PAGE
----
What to takeIn no particular order of importance, here are some useful tools to take.
Your smart phone - it's important to take a lot of pictures (note-before you go into the client's facility, turn your phone to silent)
Tape measure - I find that a 25 foot long tape works out for typical conference rooms
Light meter - by measuring LUX at the facial area of seated participants you can recommend more, less, or a change in the lighting scheme.
Sound pressure meter - I've personally found that a phone app works well enough for the task as it's reference numbers for later use. Absolute values aren't as important as noting variances within a room or variances while the HVAC is on vs off. That's highly subjective on my part, you and your client's opinion may vary.
Graph paper - graph paper makes drawing things to scale easier, especially the ceiling.
Battery pack for your smart phone
What to doNow that you're in the room, what do you do now?
Pictures - take pictures of all the walls, the ceiling, the rack, the table, ok basically everything. Be sure to ask if taking pictures is ok with the client and if there is anything you shouldn't take pictures of. Never post these pictures anywhere, they are for internal use only.
Measuring is the most important part of the survey - here is what to measure (ceiling items lower in the blog)
Length and width of room
Any room protrusions - columns, odd wall pieces, etc
Displays - measure diagonal, distance from the floor to the bottom and distance from a side wall.
Door locations (and measure each door, don't assume they are all 3'x6'-8" in the US) and distance from a corner
Window locations measured from a corner. Also measure height of windows and sill height from floor
Furniture - measure each piece and distance relative to walls (front/back and side/side)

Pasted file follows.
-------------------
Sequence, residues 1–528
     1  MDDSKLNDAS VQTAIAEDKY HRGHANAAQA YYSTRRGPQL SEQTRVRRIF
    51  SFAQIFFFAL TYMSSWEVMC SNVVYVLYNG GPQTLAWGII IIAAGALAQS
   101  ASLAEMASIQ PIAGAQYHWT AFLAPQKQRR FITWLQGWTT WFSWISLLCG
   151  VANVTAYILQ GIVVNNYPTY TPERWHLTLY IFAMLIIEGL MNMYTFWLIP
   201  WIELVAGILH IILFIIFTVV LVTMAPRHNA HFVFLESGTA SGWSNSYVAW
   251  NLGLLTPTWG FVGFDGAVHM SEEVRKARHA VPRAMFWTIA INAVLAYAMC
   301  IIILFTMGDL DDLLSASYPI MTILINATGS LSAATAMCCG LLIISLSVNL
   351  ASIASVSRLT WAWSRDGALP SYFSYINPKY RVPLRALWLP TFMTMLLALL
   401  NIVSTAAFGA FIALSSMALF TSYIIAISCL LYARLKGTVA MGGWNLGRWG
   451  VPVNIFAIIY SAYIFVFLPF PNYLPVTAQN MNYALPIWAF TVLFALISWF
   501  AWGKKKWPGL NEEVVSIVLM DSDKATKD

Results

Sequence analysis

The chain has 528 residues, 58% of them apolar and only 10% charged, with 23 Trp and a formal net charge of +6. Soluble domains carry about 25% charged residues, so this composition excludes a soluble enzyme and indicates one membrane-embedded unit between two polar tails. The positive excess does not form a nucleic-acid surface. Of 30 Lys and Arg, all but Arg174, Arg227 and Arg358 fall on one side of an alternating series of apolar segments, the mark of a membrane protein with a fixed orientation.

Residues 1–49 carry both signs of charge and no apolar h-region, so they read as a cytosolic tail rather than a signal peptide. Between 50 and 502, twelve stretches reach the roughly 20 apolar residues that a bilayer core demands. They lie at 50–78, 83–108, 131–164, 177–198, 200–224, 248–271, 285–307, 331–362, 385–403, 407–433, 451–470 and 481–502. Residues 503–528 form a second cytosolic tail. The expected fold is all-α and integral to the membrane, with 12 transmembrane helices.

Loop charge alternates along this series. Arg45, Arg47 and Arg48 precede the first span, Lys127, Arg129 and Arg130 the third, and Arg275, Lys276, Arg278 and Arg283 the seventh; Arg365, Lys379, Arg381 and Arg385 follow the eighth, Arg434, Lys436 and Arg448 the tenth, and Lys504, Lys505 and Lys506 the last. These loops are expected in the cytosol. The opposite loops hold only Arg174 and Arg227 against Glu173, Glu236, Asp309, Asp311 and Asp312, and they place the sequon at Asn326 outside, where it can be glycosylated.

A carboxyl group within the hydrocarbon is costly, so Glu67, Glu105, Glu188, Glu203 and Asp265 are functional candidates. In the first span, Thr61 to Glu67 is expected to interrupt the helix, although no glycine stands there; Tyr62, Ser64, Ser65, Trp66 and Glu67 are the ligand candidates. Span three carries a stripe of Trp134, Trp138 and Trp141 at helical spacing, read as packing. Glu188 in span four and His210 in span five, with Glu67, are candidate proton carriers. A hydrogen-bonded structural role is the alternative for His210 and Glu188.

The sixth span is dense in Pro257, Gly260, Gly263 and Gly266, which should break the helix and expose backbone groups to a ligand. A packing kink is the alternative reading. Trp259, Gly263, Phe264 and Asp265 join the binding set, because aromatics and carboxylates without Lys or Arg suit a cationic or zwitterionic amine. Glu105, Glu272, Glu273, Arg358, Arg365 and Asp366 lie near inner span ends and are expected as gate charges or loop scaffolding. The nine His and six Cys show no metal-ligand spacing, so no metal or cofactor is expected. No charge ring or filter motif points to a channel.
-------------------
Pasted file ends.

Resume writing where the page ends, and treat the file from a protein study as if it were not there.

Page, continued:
The ceiling - the biggest PITA
I use graph paper for sketching the ceiling, but care needs to be made where the ceiling grid is compared to the wall. Rarely does a grid start on a wall, it's almost always off of it so make note of the distance.
Locate all lights and notate what type of lights they are (cans, 2x2, 2x4, etc)
HVAC supply and return locations
Located any ceiling mounted electronics (projectors, access points, microphones, speakers)
If it's a drop ceiling and you have the ability to look above it, do so. Using your flashlight, look around to notice things like:
- Distance from joists to drop ceiling
- Distance to the deck above
- Look for cable trays or random wiring
- Identify any random weird stuff up there
Sketching the ceiling is usually the most time consuming part of the survey.
What to take notice of and document
Conference room name/number
Ceiling type (drop, drywall, etc)
Floor type and covering
Is the floor cored for cabling?
Are there floor outlets?
How the displays are hung?
Note all equipment in racks, on floor, on table, hidden behind the displays, etc
Are the lights dimmable?
Are there blackout shades on the windows?
Subjective echo/bad acoustics including an assessment with the HVAC running
Dark areas in the room
What direction is north (for rooms with windows)?
It may also be a good idea to find the loading dock for the facility and trace your way to the conference room or rooms. If the client wants some insanely huge conference table that's not knock down, you'll need to know if it can get to the room without issue.
I like drawing things to scale on graph paper while I'm measuring. This goes for floor plans, elevations and ceiling grids. Sure it's more time consuming but if you draw something NTS and forget a dimension, you're forced into guessing where it's actually located.